More Japanese are set to invest in Zimbabwe in response to the on-going economic reform process with Tokyo and Harare pushing for improved bilateral relations.
Japanese Ambassador to Zimbabwe Mr Toshiyuki Iwado, said trade between the two countries was low as a few Japanese companies were operating in Zimbabwe.
In an interview at the Japanese stand during the just ended Zimbabwe International Trade Fair (ZITF) Amb Iwado expressed concern over low Japanese investor presence in the country but said efforts were underway to lure more companies to come to Zimbabwe.
“Talking of Japanese companies’ presence in Zimbabwe, there are only two companies currently operating in Zimbabwe.
“One is Astra Paints and the other one is Toyota. We used to have almost 30 Japanese companies’ offices in Harare only. This means we are really, really in a bad situation now. In other words we have a lot of potential and room to grow,” said Amb Iwado.
He said the embassy was pushing Japanese companies to come to Zimbabwe to tap into the vast business opportunities across sectors.
“One of the concrete examples is that in February this year, we had the Japanese business mission to Zimbabwe, organised by the Japanese Chamber of Commerce and the industries in South Africa and JETRO-which is a government affiliated body in charge of promoting investment and trade. So the business mission visited Zimbabwe and had a courtesy call to your President (Mnangagwa) and had lots of meetings with ministers,” said the Ambassador.
“They also visited and exchanged views with the private sector companies. So, now we are waiting for their follow-up. There has been some follow-up action from some of the companies but we need to see more.”
Amb Iwado said only two Japanese companies showcased their products at this year’s trade fair – Fujifilm and Astra Paints.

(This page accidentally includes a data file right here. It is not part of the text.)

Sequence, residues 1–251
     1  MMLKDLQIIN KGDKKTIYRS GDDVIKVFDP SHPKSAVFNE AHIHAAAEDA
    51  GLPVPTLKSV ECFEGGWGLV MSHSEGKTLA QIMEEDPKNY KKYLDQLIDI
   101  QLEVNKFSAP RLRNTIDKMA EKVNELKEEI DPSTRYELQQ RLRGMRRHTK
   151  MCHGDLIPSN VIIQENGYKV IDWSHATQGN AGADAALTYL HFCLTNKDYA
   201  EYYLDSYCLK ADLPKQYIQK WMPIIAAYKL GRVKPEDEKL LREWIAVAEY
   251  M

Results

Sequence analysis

“In this trade fair, only two Japanese companies have small space on the table here. One is Fujifilm and the other is Astra Paints, which has a manufacturing facility in Harare. Kansai Paint, a Japanese paint manufacturing company is the father or mother of Astra Paints. Fujifilm used to be camera film maker only but now they are investing more and more in the health sector.
“It is one of the top companies in the world in that sector,” he said.
“So, even though our presence here is very weak, I hope that follow-up from the strong Japanese companies and JETRO will make the business relationship much bigger. That is our expectation.”
Amb Iwado, however, urged the country to expedite its reform processes in order to compete with other African countries saying the prevailing economic environment was not yet very conducive.
“It is very easy to talk about expectation but to be frank the business environment is not really good enough. And I am not talking only about business environment in Zimbabwe because many of Japanese companies and probably companies from other countries are not only looking at Zimbabwe but they the looking at the African continent,” he said.
“But in the context of Zimbabwe, they are comparing with the business environment of neighbouring countries and beyond. So, what I am saying is if we are going to approach the business relationship between Japan and Zimbabwe, I hope that Zimbabwe can make the business environment more competitive than the neighbouring countries. That is my view.”
The new dispensation led by President Mnangagwa is already seized with implementing a string of reforms meant to improve the ease of doing business chief among them being legislative realignments, political and economic dialogue towards robust transformation under the Transitional Stabilisation Programme (TSP).